Tag Archives: progress

Towards Gender Equity in Ecology: Part Two

Professors Amy Austin, Eva Plaganyi, Anne Sverdrup-Thygeson, Prue Addison and Johanna Schmitt (not pictured) share their views on gender equity in ecology (Image Credit from left: Amy Austin, CSIRO, NMBU, Prue Addison; All images cropped, CC BY-SA 2.0)

In Part Two of our ongoing look at gender equity in ecology, four prominent female ecologists share their thoughts on how gender equity in ecology has progressed, and where it needs to go from here.

For Part One of this series, click here.

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Marlene Zuk: Gender in Science

Marlene Zuk, prominent evolutionary biologist and behavioral ecologist, has been trying to encourage more fact-based discussions about gender in the scientific community
Co-authored by Kate Layton-Matthews

As part of a two-day gender equality workshop for the Department of Biology at NTNU, Kate Layton-Matthews and I had the chance to interview Professor Marlene Zuk. Marlene is a prominent evolutionary biologist and behavioral ecologist, and a well-known advocate of improved gender equality in academia.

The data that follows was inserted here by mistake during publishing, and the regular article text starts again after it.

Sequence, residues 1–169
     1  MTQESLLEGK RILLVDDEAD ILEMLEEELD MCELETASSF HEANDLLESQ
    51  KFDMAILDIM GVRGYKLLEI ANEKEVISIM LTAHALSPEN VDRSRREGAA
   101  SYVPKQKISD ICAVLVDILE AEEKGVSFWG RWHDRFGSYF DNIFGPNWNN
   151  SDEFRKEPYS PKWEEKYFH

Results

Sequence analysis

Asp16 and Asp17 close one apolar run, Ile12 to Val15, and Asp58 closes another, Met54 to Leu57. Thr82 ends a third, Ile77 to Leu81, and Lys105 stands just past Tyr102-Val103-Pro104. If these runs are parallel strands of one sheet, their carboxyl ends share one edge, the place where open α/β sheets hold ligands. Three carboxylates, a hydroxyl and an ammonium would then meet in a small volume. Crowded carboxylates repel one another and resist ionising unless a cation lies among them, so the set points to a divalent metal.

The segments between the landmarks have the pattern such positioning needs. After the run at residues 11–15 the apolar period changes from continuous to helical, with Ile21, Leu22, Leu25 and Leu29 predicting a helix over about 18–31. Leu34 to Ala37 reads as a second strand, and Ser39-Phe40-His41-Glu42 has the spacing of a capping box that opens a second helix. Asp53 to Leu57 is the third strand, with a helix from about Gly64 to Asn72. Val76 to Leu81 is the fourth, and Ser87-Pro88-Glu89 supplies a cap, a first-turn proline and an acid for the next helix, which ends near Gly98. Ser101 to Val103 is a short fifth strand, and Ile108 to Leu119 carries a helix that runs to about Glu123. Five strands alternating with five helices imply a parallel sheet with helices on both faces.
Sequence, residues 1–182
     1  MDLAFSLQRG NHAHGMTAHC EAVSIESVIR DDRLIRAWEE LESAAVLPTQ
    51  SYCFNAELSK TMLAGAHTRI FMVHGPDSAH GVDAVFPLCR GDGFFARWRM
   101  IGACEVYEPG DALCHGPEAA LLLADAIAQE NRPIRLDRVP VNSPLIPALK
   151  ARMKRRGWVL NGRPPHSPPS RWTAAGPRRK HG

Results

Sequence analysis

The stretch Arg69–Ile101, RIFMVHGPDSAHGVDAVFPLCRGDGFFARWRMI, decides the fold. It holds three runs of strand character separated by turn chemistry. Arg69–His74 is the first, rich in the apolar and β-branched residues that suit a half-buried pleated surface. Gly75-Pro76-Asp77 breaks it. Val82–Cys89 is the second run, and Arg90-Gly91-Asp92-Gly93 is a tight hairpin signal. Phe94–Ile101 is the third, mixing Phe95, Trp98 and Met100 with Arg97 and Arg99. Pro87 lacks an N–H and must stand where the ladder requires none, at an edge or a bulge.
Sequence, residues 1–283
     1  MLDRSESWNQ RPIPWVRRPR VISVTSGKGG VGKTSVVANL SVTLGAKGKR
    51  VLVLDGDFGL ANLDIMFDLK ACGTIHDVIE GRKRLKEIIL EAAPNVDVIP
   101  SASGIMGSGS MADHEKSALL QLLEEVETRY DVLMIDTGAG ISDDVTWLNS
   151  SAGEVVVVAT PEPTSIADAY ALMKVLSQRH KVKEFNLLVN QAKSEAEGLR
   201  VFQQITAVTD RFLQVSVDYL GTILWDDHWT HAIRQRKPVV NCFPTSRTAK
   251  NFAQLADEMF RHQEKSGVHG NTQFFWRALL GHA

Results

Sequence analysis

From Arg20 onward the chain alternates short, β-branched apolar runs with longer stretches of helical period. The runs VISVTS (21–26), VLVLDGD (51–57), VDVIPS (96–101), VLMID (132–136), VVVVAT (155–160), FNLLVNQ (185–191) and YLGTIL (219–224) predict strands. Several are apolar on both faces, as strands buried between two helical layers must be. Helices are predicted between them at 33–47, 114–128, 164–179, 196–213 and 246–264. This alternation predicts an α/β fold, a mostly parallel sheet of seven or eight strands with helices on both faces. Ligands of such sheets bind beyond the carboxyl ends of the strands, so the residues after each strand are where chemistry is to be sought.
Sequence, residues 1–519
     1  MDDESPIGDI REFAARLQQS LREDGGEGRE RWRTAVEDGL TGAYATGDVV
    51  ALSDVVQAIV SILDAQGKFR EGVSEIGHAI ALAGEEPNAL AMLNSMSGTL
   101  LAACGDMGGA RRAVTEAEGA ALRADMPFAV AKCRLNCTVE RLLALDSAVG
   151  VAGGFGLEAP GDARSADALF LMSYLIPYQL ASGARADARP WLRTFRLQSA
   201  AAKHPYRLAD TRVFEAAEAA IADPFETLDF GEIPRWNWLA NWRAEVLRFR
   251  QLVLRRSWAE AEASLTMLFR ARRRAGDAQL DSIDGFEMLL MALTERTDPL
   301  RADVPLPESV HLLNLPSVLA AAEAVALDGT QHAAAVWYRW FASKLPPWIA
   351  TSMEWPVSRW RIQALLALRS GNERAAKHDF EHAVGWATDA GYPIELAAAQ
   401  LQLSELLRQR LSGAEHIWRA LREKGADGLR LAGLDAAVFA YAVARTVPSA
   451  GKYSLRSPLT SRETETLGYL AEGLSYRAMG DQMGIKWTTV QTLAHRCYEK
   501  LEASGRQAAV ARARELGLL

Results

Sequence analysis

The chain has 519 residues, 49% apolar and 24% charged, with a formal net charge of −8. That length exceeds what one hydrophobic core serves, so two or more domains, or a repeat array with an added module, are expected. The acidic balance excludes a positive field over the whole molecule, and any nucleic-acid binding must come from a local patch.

Her emphasis on bringing about more fact-based discussions on gender and how to attract women to typically male-dominated professions is unfortunately still necessary. People are still maintaining the view that women are ‘naturally less inclined’ to what are considered as ‘masculine’ disciplines, but as Marlene explains, it is impossible to disentangle culture from genetics. Her work is fundamental in the face of such dangerous over-simplification, for instance in the light of the firing of a disgraced professor at Cern, the European nuclear research centre in Geneva, where a male professor commented that ‘Physics was built by men’, which was unsurprisingly met with immediate backlash. In the words of another gender equality-advocate and professor in Physics, Jessica Wade, we need to fight against the ‘toxic and incorrect messages’ that such people are propagating.

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